Alfred Beach was also determined to find some way to take Tweed out of the picture. Beach was upset that Boss Tweed stood in the way of his dream. Beach couldn’t just simply ignore the power of Boss Tweed either. Tweed was the leader of a group of corrupt politicians known as Tammany Hall. They rigged elections, accepted bribes, and stole money from public projects. They were like their own little mafia organization.

In contrast, Alfred Beach was a man of honesty and integrity. He wouldn’t use violence or bribery to get his way. His principles wouldn’t allow him to play by the same rules Tweed used. But, Beach was faced with the reality of how things worked in New York City in the late 1800s. If he wanted to build his dream, his subway, he would have to pay Boss Tweed a large amount of money on the side to get permission to start construction.

To Beach he only had one alternative. He decided to build the subway in secret with his own money. The Secret Subway, known to Beach as the Beach Pneumatic Transit, went ahead without Tweed’s permission.

Beach and his men began the project like soldiers digging an escape tunnel in a prison camp. It would take coordination and stealth. Beach’s men would have to be sworn to secrecy. Thousands of tons of dirt would have to be removed and hauled out without anyone noticing. The noise itself would have to be muffled so as not to tip off someone walking a few feet above on the streets of downtown Manhattan.

You'll have to read the Secret Subway by Martin W. Sandler to find out if Boss Tweed eventually discovered what Beach was up to and what happened to the dream of having pneumatic subways instead of the types of subway systems we have today.

Monday, September 14, 2009

101 Things You Need to Know (and some you don't!)

I know what you're thinking. You see a book called, 101 Things You Need to Know, and what happens? Your survival instinct sets in. Your skin gets clammy. Tiny beads of sweat start to form. The memory of a waiting room flashes into your consciousness. A voice deep inside you speaks, "Quick, run while you can." You swear it looks just like a book that would be sitting at your dentist's office before having a tooth pulled. You sense this is a book you don't want to get to know. But wait, before your brain leaves the room, here are a few reasons why you just might want to take a closer look:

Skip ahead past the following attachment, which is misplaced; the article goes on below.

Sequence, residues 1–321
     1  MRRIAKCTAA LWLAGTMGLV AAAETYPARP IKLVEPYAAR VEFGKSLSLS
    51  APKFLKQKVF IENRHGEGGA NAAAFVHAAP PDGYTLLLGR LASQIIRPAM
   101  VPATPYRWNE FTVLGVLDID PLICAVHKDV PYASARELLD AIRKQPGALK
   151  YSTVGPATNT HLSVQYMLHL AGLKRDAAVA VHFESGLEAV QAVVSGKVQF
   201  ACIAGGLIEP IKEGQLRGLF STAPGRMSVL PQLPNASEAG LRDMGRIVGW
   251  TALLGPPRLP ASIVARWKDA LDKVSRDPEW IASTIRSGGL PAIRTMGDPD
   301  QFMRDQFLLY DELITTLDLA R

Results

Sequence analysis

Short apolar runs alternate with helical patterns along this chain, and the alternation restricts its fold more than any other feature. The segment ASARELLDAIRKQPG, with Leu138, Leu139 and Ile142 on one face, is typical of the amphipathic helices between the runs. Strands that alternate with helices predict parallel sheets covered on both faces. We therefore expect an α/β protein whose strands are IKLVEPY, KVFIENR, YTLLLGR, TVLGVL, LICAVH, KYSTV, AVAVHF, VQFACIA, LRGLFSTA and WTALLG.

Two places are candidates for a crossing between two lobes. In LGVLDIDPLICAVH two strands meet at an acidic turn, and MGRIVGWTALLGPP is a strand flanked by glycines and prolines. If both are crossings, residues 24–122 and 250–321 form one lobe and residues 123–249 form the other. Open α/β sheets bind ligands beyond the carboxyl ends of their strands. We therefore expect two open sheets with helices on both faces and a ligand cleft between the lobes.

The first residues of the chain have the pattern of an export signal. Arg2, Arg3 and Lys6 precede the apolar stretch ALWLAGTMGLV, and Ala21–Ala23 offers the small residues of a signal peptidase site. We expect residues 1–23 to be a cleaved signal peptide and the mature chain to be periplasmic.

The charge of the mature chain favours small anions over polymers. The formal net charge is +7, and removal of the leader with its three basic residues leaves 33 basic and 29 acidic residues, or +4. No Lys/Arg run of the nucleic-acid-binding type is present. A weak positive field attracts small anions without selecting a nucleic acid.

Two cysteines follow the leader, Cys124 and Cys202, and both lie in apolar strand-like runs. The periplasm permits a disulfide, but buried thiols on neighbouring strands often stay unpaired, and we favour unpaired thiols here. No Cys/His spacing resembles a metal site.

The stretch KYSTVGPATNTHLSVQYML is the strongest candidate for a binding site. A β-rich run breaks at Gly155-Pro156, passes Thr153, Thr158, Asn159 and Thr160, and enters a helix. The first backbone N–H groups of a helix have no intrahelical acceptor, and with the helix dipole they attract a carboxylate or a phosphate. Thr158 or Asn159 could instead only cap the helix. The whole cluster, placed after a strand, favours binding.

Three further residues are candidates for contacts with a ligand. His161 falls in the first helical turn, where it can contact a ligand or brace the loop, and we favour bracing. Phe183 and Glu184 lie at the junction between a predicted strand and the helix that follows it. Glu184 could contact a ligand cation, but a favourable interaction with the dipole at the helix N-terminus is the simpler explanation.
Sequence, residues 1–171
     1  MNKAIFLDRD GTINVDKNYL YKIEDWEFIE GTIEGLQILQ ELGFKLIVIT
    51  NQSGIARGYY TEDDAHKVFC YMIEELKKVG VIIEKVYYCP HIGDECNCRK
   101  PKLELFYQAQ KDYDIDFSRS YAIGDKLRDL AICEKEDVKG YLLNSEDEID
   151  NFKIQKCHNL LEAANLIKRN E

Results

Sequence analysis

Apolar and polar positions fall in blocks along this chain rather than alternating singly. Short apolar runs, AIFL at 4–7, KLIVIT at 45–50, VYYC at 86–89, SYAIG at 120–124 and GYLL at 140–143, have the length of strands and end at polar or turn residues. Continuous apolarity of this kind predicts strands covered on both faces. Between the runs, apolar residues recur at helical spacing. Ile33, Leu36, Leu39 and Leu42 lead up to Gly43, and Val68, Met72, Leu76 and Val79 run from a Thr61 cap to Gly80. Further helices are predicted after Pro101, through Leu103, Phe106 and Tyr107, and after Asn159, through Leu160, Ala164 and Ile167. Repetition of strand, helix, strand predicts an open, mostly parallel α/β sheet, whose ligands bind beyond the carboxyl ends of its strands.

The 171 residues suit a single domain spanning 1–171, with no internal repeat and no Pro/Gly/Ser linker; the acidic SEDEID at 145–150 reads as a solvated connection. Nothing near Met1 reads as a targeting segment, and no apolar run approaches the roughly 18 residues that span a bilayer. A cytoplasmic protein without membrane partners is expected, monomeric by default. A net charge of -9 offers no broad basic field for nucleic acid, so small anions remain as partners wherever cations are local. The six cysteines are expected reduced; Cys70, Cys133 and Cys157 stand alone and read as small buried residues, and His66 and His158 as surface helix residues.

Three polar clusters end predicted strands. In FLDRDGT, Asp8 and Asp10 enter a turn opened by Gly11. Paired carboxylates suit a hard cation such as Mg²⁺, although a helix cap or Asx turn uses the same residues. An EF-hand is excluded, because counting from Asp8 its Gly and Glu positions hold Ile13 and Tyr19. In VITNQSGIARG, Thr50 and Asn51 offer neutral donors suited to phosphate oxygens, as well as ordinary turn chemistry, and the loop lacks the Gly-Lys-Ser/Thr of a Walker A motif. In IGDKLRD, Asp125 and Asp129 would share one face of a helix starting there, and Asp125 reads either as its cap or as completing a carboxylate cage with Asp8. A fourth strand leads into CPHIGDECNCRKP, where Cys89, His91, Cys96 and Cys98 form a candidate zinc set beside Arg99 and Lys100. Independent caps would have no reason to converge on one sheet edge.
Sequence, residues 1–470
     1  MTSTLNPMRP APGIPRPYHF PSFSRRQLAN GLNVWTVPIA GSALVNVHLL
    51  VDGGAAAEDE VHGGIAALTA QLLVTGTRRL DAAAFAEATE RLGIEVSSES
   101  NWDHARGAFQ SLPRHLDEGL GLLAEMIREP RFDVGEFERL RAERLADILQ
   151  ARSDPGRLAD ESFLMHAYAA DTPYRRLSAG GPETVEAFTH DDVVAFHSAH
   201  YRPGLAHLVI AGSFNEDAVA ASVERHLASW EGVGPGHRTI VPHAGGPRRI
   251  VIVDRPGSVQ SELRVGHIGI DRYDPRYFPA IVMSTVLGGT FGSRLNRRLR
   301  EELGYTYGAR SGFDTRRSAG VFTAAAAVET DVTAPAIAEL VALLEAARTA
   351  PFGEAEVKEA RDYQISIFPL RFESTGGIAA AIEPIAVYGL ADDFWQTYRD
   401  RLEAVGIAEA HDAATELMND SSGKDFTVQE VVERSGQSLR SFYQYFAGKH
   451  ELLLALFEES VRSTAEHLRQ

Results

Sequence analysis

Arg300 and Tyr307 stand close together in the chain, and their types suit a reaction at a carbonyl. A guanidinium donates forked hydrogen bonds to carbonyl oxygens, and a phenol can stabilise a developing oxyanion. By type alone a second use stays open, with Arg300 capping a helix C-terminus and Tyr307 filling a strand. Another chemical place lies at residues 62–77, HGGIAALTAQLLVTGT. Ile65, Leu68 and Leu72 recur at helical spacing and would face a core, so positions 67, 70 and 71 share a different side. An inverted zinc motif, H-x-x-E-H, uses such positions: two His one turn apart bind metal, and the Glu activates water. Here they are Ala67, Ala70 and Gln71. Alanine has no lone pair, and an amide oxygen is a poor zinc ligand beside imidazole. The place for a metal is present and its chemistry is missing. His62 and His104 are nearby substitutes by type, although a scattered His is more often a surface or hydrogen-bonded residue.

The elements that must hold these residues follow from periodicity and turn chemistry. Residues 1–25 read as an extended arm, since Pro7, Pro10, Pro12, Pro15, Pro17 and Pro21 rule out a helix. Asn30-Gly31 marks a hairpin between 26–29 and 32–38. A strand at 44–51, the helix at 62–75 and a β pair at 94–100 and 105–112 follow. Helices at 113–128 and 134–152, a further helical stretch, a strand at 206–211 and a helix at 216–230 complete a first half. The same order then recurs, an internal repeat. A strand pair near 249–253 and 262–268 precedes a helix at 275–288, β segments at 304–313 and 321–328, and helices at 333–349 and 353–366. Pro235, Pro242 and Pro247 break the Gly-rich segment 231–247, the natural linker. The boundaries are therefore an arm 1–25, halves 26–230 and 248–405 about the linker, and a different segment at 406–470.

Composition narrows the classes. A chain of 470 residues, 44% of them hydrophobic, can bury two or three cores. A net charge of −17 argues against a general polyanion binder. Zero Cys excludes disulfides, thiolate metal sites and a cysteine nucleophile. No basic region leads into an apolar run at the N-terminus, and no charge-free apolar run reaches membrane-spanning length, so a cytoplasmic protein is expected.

Reason #1 - It's Disgusting!

Did you know a cockroach can live a week without its head? If you’re lucky enough to catch one, try chopping its head off and watch it continue to live for a few days afterwards. What passes for a brain in a cockroach isn’t centered in the head but is spread out through its whole body. Cockroaches don’t breath through their mouths. They have tiny holes throughout their body that they can use to breath in oxygen. Cutting off the head doesn’t cause them to bleed uncontrollably because they do not have blood pressure the way we do. (So why do these almost indestructible creatures finally die after about a week?)

Reason #2 - Miracle Mike

Chickens have been known to run around for a few moments after their heads are cut off. However, the world record was 18 months set by a chicken named Miracle Mike. (How did Miracle Mike survive that long?)

Reason #3 - I dare you.

How about this one? Did you know that just about everyone sneezes with their eyes closed? Some people believe that if you sneeze with your eyes open that your eyes will pop out. (Is this true? - There's only one way to find out.) Closing the eyes when sneezing is a reflex, but it is still a mystery why this reflex happens.

Reason #4 - Because it's funny when it's someone else.

There are many reports about people that can’t stop hiccupping. Some people have been known to hiccup non-stop for years. What is your favorite cure for the hiccups? Try one of the cures mentioned in the book such as: Thinking about pineapples, make yourself sneeze, pull your tongue, or eat sugar. Keep this in mind-none of these cures worked for Charles Osborne. Osborne unfortunately hiccupped for 68 years without stopping from 1922 to 1990.